Ohh gosh. I will be honest. When I found out this month’s ingredient for the #BreadBakers event was grapes, I was a little bit thrown off. I’ll be the first to say, I really dislike raisins. Like, I totally hate them. I know that tons of people out there love them and I usually give away most of what I bake anyways, but I really wanted to try something different and new.
I’m also really weird about certain fruits in baked goods (so fresh grapes were a no-go either). Then I found out that wiiiine was allowed in our October bread event. I looooove wine. So, I decided of course…that had to happen somehow.
I had wanted to try to make a sourdough with wine (just obtained a new starter that I got from school and I want to experiment with it), but I was informed by my pastry chef that the wild yeast couldn’t handle the high alcohol content in wine (wouldn’t that be delicious though?). Sooo then I decided brioche would be great because it’s a really versatile dough and I had so much fun working with it in class.
We poached some pears in my knife skills class for the bakery, and they were so delicious that I haaad to try it at home. We did marsala ones at school, so I figured a vino version would be great. The wine flavor with the pears and the buttery brioche dough, plus the tangy creme fraiche and crunchy toasted almonds. Ohhh… It’s pretty a tasty combination, if I do say so myself.
We just did bread week in my intro baking class in culinary school, and the entire time our chef was reiterating to us that all bread needs is time. It’s the easiest thing to make in terms of ingredients, it just always needs to be given some peaceful alone time before it can do its magic. Chef even says kneading is highly overrated in many cases. Often times the yeast just needs to ferment and develop all that wonderful flavor and leavening properties by resting.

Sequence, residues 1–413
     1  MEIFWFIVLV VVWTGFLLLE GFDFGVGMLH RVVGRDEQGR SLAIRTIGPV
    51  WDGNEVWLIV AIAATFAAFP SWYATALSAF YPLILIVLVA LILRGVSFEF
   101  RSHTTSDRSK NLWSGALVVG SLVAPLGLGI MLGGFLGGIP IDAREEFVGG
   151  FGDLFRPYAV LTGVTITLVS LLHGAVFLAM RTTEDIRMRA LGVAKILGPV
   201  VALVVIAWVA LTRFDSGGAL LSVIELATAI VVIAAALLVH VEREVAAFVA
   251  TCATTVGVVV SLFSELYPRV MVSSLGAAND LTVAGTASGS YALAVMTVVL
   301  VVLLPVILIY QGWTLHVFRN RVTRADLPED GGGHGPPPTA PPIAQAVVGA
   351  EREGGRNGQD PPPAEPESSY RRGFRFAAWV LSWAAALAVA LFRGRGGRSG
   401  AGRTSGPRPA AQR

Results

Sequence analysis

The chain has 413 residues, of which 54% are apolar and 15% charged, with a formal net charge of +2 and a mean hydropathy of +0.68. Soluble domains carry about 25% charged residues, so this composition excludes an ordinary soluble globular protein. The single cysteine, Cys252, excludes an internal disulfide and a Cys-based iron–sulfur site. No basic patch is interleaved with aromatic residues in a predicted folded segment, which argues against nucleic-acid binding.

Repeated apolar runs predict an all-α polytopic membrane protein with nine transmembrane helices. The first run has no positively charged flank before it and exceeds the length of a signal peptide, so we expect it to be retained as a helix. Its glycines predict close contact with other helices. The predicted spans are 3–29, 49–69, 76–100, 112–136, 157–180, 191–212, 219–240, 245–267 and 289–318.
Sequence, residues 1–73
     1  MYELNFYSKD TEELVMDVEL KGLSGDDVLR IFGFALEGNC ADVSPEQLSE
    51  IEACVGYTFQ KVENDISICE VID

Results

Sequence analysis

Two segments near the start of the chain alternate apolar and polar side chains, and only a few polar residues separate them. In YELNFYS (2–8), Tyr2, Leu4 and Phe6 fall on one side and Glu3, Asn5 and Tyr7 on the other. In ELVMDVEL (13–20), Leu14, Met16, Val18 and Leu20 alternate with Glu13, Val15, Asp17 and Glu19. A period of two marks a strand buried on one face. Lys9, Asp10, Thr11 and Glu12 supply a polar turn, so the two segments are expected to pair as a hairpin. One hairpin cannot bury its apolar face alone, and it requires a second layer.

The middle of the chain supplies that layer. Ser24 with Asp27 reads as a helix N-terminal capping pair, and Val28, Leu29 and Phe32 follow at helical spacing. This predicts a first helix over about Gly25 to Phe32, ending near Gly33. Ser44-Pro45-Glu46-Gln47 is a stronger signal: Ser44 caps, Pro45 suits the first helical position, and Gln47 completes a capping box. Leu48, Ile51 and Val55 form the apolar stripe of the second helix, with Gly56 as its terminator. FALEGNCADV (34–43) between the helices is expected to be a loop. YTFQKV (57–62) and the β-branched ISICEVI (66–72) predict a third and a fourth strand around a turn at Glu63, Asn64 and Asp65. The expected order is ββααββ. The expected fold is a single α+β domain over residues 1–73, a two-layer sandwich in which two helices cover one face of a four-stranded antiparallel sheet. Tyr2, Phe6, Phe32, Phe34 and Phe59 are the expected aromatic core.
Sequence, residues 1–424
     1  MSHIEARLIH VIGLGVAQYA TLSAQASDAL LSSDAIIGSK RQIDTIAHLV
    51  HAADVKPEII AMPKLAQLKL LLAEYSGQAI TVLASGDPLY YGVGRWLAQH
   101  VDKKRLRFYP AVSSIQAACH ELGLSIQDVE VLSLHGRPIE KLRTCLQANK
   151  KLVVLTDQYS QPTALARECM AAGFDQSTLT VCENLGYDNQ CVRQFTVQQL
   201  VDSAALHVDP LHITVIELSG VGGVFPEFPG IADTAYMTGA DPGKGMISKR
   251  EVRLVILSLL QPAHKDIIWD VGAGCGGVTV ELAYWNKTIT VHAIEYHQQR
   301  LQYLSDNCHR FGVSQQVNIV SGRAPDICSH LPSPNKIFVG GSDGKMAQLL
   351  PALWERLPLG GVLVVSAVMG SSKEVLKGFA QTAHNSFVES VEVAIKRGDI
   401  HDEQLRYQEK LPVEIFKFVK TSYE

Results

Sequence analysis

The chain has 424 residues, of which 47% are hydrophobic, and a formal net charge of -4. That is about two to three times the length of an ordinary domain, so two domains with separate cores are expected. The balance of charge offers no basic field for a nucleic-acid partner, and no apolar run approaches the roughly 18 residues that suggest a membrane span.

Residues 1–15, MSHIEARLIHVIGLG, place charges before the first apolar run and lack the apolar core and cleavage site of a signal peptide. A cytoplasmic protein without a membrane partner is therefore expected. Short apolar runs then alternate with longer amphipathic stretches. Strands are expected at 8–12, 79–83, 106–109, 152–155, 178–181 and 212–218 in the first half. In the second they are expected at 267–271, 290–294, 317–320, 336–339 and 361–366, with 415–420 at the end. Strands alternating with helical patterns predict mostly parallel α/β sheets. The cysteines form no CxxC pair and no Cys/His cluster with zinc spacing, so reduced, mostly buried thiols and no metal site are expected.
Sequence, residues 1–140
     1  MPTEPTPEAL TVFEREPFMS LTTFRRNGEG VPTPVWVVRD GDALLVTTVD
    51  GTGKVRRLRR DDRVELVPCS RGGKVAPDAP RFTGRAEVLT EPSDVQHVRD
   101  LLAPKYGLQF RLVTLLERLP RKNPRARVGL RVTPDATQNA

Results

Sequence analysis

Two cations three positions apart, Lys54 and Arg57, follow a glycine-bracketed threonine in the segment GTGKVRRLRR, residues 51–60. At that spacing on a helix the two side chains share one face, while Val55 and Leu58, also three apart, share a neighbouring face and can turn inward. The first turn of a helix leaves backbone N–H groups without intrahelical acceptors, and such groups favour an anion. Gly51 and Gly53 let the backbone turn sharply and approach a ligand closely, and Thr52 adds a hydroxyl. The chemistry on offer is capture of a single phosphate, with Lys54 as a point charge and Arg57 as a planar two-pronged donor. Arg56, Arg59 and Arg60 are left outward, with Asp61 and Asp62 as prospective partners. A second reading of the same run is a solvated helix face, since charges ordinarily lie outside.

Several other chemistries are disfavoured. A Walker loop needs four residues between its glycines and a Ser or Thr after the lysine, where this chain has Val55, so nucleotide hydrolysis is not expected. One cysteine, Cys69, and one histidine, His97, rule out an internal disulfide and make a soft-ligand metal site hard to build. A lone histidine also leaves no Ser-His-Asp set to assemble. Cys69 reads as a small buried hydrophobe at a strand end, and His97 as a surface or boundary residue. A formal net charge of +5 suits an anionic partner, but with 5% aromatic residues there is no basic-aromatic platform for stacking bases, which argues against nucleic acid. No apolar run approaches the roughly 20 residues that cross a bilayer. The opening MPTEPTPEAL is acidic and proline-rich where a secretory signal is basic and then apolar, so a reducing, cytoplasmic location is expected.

I’m much more experienced with the patiserrie side of baking and pastry, and a lot of things on that spectrum are time sensitive…meaning they have to be made quickly and efficiently or else most of the time they won’t come out. Boulangerie has some of that (hellooo croissants), but many breads prefer to rest and take it easy (especiallly wild yeast breads…like sourdough). Keep your eyes out for lots ‘o bread experimenting on this ‘lil blog in the near future!
I’m so glad that I have been able to learn so much in culinary school this far, and I’ve only been in two cooking classes! I love that this Bread Bakers group lets me take that new knowledge and have lotso fun with it! 🙂
This week I start the Production Baking class, where I will be working for the bakery in our culinary arts building that is open to the public. It’s five days a week, for five hours each day (and pretty early haha) so I’ll be baking alllll the time. I’m so excited. 😀 Anyhow, back to the bread!
Ingredients: (Recipe adapted from Bon Appetit: Desserts)
1 1/2 cup all purpose flour
3 tablespoons sugar
2 teaspoons instant dry yeast
3/4 teaspoon salt